Could Lion City Sailors' Singapore title triumph be the birth of Asia's next superpower?

In their second year of existence, Lion City Sailors have been crowned champions of Singapore -- but can they conquer Asia next? Football Association of Singapore

From the moment Lion City Sailors were formed at the start of 2020, following a takeover of the now-defunct Home United by billionaire Forrest Li, expectations neared astronomic proportions as no expense was spared by the hierarchy of a club looking to assemble the next footballing superpower in Singapore -- and, to a wider extent, Asia.

On Sunday, the first objective of that mission was completed when the Sailors won the Singapore Premier League in dramatic fashion, as their 4-1 victory over Balestier Khalsa on the final day of the season saw them finish two points ahead of outgoing champions Albirex Niigata (S).

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The immediate aftermath of the title triumph should be one of celebration, and deservingly so with a long and arduous campaign ultimately culminating in success.

But given the ambition Lion City have already shown in their short history, it may not be overly surprising if they soon start looking to the future.

So could this be the start of something special, especially with a maiden appearance in the AFC Champions League -- Asia's premier club competition -- to come next season?

The biggest sign that their success can be sustained comes from the fact that Li has been fully invested in taking the club where none from Singapore have ventured before.

Even from day one back at the start of last year, Lion City issued a statement of intent by signing a host of established Singapore internationals such as Hassan Sunny, Shahdan Sulaiman and Gabriel Quak.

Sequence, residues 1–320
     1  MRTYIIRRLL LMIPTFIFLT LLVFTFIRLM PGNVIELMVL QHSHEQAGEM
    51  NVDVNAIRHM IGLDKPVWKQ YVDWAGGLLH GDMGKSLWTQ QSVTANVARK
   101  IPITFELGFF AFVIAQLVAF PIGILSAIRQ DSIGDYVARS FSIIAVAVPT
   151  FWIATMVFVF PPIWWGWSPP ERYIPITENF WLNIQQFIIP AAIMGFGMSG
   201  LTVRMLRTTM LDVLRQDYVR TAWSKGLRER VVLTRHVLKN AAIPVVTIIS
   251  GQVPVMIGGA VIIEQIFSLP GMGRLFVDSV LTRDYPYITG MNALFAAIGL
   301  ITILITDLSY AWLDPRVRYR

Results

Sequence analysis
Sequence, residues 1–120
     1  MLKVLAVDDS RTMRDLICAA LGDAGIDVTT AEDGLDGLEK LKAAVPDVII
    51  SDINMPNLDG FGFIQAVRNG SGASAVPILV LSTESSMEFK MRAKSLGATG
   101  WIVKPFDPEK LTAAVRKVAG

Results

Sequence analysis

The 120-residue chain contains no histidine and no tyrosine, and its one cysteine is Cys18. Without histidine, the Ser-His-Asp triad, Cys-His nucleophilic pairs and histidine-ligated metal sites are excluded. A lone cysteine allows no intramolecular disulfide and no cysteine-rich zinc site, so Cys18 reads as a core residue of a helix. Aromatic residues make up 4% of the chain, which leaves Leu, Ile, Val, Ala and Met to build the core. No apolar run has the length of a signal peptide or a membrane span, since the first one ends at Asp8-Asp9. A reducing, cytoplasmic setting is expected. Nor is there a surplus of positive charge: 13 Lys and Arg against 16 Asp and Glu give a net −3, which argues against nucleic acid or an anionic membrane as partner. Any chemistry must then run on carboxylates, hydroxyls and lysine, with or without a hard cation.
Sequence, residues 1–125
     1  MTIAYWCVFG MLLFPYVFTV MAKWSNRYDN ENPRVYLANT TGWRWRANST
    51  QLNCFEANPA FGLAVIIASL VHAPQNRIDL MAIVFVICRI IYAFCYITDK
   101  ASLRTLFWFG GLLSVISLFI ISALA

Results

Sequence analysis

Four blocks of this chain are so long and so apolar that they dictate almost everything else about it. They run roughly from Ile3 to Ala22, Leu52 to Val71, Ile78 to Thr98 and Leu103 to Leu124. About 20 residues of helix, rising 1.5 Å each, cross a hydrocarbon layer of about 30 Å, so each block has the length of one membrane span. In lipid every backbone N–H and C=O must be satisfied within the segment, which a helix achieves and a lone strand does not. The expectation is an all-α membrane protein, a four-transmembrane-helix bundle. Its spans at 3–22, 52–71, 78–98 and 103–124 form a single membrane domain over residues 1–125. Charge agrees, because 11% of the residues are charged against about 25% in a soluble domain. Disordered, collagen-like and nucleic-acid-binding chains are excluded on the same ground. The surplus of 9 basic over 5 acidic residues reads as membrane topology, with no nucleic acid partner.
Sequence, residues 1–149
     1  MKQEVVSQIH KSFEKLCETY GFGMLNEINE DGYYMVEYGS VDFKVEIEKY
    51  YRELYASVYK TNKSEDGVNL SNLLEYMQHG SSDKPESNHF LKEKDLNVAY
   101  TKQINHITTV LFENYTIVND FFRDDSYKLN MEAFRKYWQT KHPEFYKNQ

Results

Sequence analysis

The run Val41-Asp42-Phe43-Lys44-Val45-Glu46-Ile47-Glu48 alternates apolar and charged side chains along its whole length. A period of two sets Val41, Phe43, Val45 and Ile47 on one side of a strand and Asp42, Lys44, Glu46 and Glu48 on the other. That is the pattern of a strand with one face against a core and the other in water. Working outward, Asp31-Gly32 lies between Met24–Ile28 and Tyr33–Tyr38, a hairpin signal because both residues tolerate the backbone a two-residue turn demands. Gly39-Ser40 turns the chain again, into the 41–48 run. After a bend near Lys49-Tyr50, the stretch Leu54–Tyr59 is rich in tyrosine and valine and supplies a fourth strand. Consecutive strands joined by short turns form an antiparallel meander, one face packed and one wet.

When immediate success did not arrive, with the club finishing third last term in a coronavirus-shortened season, the Sailors opted not to hit the panic button but instead invested further in areas which they believed could make them a stronger outfit in 2021.

Brazilian playmaker Diego Lopes arrived for a domestic record transfer fee of S$3 million, while Singapore captain Hariss Harun followed midway through the campaign after being lured from Malaysian giants Johor Darul Ta'zim.

And what happened when previous coach Aurelio Vidmar decided to leave for Thailand's BG Pathum United? The Sailors only went ahead to hand the reins to Kim Do-hoon, the man who led Ulsan Hyundai to AFC Champions League glory just last December.

There will be challenges on the horizon.

Lion City will have to deal with being the hunted rather than the hunters in 2022, with Albirex, Tampines Rovers and Hougang United all looming as genuine challengers.

Competing in the ACL will also be a different proposition altogether as Tampines found out this year when they lost all six of their group-stage matches, conceding 27 goals and scoring just one in the process.

Juggling their domestic and continental campaigns will also have a strain on the players and it remains to be seen if Lion City have the depth at present to compete on dual fronts, having avoided such a scenario this year with their participation in the second-tier AFC Cup annulled following the cancellation of the competition's ASEAN Zone.

These are all issues that will be addressed in due course. For now, the one thing that counts for the most is that Lion City are the newly-crowned champions of Singapore.

And, based on their recent history of breaking transfer records to buy a player and signing the title-winning coach from the entire continent, no expense will be spared moving forward in their quest to establish themselves among Asia's elite.